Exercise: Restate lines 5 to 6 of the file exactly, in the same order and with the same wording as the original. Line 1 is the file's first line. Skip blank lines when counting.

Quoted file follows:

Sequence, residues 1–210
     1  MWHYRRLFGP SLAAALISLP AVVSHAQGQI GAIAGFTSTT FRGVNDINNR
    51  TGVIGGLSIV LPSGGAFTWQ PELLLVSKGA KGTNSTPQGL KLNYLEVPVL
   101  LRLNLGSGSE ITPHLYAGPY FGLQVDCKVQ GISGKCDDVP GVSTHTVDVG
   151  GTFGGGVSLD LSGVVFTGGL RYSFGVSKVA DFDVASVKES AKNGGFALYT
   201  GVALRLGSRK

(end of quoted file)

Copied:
   151  GTFGGGVSLD LSGVVFTGGL RYSFGVSKVA DFDVASVKES AKNGGFALYT
   201  GVALRLGSRK